- $10M scheme to incentivise land-owners
- Finance Minister says up to 60,000 residential lots could be delivered from 5,000 hectares
- University of Tasmania Professor says the announcement doesn't resolve Tasmania's housing shortage
The Tasmanian Government has announced a $10 million scheme which it says will incentivise land-owners to activate land for new residential subdivisions.
However, it has been criticised as a poor use of taxpayer dollars.
The Headworks Holiday program will include up to $5000 per residential lot for power and also an additional $5,000 for water and sewage infrastructure.
Michael Ferguson, the Minister for Finance, said that across Tasmania there are around 5,000 hectares of privately-owned vacant residential zoned land.
He says, if activated, around 60,000 residential lots could be delivered.
“This measure will create jobs by bringing forward hundreds of millions in investment, with the added benefit of giving more Tasmanians access to affordable homes, right around the State.”
Michael Ferguson, Minister for Finance
The news comes after the Tasmanian Government announced changes to land-tax arrangements last week.
In addition, over 2,600 HomeBuilder applications have been delivered with a further 1,763 conditionally approved.
Roger Jaensch, Minister for Housing, added that the number of houses being built in Tasmania is at some of the highest levels seen in recent times but concedes more needs to be done.
“These important measures will further add to Tasmania’s housing stock, delivering more homes for Tasmanians in need, along with helping more people into the dream of home ownership,”
“To make it faster and simpler to build in-fill medium-density housing, we will finalise an Apartment Code this year to make it easier, faster and simpler for developers and landowners to meet the growing demand for inner urban apartment living.”
Roger Jaensch, Minister for Housing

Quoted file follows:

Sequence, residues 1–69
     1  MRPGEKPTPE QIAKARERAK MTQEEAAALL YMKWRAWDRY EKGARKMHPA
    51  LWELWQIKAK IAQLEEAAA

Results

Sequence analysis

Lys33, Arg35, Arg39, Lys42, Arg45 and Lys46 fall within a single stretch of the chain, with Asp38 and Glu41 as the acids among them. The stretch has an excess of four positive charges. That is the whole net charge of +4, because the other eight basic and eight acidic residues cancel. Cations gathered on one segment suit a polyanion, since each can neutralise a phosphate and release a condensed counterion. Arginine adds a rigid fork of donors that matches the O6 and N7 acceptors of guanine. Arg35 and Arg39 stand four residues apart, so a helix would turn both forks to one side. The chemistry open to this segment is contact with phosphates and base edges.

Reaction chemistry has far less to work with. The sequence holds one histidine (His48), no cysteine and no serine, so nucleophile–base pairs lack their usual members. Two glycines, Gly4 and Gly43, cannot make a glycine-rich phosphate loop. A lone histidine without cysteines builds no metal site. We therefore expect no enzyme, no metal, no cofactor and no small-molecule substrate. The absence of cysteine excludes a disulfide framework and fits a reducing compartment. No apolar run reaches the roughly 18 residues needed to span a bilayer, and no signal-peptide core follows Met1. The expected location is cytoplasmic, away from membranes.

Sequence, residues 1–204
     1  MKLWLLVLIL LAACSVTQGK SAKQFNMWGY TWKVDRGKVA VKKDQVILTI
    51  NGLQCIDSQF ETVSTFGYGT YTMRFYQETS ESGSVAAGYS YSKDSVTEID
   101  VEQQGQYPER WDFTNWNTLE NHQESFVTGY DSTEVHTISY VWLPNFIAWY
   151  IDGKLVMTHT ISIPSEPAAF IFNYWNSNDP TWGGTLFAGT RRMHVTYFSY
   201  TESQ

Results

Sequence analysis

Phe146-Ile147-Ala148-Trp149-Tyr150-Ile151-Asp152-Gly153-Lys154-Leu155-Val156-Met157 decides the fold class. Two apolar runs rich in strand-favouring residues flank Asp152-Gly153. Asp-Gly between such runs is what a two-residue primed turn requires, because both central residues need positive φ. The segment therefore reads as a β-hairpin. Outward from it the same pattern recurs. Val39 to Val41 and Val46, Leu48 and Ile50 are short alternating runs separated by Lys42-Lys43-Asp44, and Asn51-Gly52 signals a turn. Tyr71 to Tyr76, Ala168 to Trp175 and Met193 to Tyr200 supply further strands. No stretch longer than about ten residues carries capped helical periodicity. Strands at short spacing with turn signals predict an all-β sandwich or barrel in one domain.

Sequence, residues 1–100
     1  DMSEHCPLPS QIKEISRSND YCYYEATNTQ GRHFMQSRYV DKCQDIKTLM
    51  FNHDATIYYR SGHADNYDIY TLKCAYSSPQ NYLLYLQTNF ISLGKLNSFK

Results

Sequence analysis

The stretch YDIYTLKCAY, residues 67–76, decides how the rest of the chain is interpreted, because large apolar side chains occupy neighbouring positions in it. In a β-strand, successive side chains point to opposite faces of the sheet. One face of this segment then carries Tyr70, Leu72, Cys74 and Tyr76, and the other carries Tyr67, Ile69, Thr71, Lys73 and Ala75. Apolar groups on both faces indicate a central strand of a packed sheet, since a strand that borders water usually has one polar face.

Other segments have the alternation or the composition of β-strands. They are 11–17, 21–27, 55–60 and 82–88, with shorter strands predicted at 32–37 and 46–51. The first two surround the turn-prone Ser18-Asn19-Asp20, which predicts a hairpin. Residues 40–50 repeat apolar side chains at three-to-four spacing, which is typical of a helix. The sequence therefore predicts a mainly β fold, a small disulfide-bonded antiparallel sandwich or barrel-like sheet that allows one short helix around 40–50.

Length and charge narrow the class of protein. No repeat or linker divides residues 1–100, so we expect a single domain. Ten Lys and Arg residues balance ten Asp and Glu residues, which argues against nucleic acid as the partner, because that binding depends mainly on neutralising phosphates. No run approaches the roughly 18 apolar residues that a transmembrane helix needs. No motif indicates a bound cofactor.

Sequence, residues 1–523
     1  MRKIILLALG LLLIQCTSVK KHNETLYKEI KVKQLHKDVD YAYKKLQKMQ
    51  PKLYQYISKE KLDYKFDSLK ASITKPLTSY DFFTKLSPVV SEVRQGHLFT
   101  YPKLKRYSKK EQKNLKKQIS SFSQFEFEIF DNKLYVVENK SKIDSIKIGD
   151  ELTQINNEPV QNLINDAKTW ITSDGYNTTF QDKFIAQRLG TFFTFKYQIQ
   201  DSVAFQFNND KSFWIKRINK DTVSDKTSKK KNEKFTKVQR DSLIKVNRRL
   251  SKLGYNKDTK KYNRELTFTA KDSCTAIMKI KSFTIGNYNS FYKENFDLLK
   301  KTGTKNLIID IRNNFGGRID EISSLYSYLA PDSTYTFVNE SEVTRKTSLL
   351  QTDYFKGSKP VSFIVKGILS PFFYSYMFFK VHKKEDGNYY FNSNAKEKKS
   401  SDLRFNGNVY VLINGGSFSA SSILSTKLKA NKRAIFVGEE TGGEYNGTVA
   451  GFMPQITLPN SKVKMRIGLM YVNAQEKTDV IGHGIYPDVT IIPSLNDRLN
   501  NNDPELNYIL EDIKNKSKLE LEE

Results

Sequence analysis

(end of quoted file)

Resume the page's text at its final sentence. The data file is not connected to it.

Poor use of taxpayer money
However, not everyone is pleased with the announcement.
Sociology Professor Keith Jacobs, who is currently the Director of the Housing and Community Research Unit at the University of Tasmania, told The Property Tribune that the giving of handouts to developers is a poor use of taxpayer funds.
“Sadly, the government takes too much notice of the private developers and real estate agencies, all of whom have a vested interested for maintaining a housing shortage. Their business model requires a shortage of housing to increase profits.”
Professor Keith Jacobs, University of Tasmania
Professor Jacobs added that the waiting list for public housing is about 3,600 whilst the private rental market continues to see significant rent increases amid a significant shortage.
Total number of Public Sector dwelling units approved, Tasmania, 2011-2020
Data from the Australian Bureau of Statistics (ABS) shows a low number of public dwellings approved, although there was an increase recorded in the latter part of the last decade.
Nevertheless, Professor Jacobs says the level of public housing is inadequate.
“The Tasmanian Government’s policy on housing affordability is strong on publicity but not adequate to address the shortfall of public housing.”